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POSSIBLE TITLE:

AN ARTIFICIAL MICROCLIMATE FOREST SECLUDING BARK BEETLES

RATIONALE:

- to propose a possible solution which can address the infestation of pine trees in Camp John
Hay by means of an artificial microclimate ecosystem which secludes the bark beetles from a healthy
pine trees and other inhabitant trees.

- __________________ nayunan _______________

EXPECTED OUTCOMES:

- the study is expected to generate satisfactory findings and information on the following
aspects; land use, economical as well as social profits.

INTRODUCTION:

Forests need to be managed so that the risks and impacts of unwanted


disturbances are minimized. Measures to protect forests from insect pests and
diseases are an integral part of sustainable forest management. The
importance of considering the impacts of insect pests and diseases on forests
and the forest sector has been recognized for some time. Effective pest
management requires reliable information – information on the pests
themselves, their biology, ecology, and distribution, their impacts on forest
ecosystems and possible methods of control. Typically more information is
available on pests of trees in industrialized rather than non-industrialized
countries and also for pests of trees grown in commercially valuable planted
forests (which include plantation forests and planted semi-natural forests)
compared to pests in naturally regenerated forests. Virtually nothing is known
of the pests associated with those trees harvested from naturally regenerated
forests, at least in the tropics Corley & Jervis (2012). Infestation of forest trees
are becoming more alarming causing turmoil in any academic fields.
Most infestation of trees are associated with the combined attack of fungus,
and insects namely bark beetle (Dendroctonus ponderosae) and the over
decaying of trees. Bark beetles play an important role in forest ecology, for
example, by creating complex early successional forests. Infestations can have
significant economic impact. In undisturbed forests, bark beetles serve the
purpose of hastening the recycling and decomposition of dead and dying wood
and renewing the forest. According to research, pine bark beetles are attracted
to pine trees by smelling the trees sap. Though most trees will emit small
amounts of sap naturally, trees which sustain injury due to man or nature are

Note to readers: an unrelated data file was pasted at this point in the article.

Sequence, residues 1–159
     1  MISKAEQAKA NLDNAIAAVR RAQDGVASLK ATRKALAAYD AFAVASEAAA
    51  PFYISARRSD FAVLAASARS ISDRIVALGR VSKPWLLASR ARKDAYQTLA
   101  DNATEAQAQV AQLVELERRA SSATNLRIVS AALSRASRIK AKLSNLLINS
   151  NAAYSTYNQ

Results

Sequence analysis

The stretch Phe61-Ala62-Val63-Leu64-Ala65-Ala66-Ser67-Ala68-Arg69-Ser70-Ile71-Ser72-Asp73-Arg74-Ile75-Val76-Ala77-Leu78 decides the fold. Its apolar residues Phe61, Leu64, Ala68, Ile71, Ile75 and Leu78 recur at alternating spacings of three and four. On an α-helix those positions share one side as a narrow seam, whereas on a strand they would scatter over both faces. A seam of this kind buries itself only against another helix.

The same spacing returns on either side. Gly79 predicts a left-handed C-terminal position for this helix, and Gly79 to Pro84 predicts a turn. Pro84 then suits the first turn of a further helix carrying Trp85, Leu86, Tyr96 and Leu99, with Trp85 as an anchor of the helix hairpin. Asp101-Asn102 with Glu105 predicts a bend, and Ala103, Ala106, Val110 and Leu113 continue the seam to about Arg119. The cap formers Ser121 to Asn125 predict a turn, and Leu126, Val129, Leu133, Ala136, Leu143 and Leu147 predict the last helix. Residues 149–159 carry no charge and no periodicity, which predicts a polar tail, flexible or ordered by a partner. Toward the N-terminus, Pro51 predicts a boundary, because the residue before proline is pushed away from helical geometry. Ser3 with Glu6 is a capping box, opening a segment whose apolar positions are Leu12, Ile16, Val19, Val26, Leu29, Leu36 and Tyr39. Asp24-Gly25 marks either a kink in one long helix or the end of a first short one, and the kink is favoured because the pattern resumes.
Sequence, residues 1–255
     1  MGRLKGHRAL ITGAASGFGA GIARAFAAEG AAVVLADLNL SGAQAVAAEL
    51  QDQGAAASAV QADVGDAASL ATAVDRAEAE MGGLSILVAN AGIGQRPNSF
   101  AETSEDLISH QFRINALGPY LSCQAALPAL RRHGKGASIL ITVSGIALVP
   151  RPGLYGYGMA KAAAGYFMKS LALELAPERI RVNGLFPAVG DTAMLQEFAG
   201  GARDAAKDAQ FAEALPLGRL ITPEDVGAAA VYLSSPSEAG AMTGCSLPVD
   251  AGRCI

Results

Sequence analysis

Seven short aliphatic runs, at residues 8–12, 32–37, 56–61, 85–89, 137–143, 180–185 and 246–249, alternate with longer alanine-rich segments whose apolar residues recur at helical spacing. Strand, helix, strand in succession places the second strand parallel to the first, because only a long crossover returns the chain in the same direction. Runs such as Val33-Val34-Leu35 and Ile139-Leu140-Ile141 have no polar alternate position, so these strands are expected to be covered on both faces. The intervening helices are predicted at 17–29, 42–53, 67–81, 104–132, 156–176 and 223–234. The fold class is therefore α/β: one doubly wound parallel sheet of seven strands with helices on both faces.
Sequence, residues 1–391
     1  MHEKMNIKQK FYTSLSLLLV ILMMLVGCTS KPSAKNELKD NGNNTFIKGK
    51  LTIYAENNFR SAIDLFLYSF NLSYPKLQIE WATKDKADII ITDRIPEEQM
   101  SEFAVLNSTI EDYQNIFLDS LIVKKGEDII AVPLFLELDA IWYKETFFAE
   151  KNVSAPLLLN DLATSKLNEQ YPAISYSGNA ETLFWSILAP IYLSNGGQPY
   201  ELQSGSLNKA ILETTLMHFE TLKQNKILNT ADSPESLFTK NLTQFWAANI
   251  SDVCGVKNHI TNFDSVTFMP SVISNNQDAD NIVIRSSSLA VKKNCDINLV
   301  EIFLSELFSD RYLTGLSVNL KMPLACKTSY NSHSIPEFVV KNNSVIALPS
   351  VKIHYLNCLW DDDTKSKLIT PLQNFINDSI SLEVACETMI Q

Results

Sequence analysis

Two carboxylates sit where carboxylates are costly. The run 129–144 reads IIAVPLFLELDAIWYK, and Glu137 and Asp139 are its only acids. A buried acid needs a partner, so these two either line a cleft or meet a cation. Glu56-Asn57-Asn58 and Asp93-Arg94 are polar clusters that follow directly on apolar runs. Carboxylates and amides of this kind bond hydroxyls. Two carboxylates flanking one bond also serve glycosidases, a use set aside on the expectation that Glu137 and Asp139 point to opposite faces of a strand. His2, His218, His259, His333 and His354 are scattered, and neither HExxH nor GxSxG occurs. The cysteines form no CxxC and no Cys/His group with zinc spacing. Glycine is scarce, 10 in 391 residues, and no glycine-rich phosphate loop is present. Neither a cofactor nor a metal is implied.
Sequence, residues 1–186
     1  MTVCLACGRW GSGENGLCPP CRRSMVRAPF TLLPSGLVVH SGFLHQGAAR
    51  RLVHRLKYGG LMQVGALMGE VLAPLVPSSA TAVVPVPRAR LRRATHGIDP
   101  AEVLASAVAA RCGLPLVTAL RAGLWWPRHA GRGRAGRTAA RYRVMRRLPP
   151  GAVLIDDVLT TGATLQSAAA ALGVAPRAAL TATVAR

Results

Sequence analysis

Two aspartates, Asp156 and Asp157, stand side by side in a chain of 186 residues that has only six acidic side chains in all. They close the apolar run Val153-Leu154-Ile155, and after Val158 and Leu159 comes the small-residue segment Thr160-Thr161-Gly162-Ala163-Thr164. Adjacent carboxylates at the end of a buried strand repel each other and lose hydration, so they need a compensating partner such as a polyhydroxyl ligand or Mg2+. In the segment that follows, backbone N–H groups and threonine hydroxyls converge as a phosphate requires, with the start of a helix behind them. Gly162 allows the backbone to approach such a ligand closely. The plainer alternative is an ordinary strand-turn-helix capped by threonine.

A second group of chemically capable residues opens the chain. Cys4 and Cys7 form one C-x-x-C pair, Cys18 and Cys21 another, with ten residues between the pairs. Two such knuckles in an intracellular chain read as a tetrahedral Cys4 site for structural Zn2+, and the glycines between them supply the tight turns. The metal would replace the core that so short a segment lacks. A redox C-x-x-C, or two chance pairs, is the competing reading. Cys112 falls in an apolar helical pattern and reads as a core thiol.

more likely to get beetle activity. Two features tend to make certain tree hosts
vulnerable to being attacked: 1) the tree species smell like freshly dead trees
to the beetles even if they are perfectly healthy, and 2) the immune system of
the tree over-reacts to the presence of the strange new fungus, to the point that
the tree kills itself Hulcr & Dunn (2011). With these mentioned, bark beetles
attack trees which are dead, rotten and has a decaying structure. And also, a
warm atmosphere is an ideal place for bark beetles to colonize.
In line with these, Camp John Hay, a luxurious tourist spot, is one of a
places with an abundant resource of pine trees who is experiencing infestation
brought by the bark beetles. Assessment and further studies were conducted
to evaluate the current situation, however, a remarkable solution is yet be
introduced.
A plausible solution to address the problem is to alienate the bark beetles
to an artificial microclimate environment that is secluded to the healthy
ecosystem. The microclimate structure is in the form similar to that of a
greenhouse having an ecosystem consisting of decaying trees and an ideal
temperature to bark beetles. A second layer is also constructed, wherein, the
temperature is dropped to where bark beetles are most susceptible with.
Methods:

References:

Bark beetle (2019), Bark beetle retrieved from: https://en.wikipedia.org/wiki/Bark_beetle


Hulcr & Dunn (2011) The sudden emergence of pathogenicity in insect-fungus symbioses threatens naive
forest ecosystems. Proceedings of the Royal Society B- Biological Sciences (in press). Retrieved from:
http://www.ambrosiasymbiosis.org/ambrosia-beetles/importance/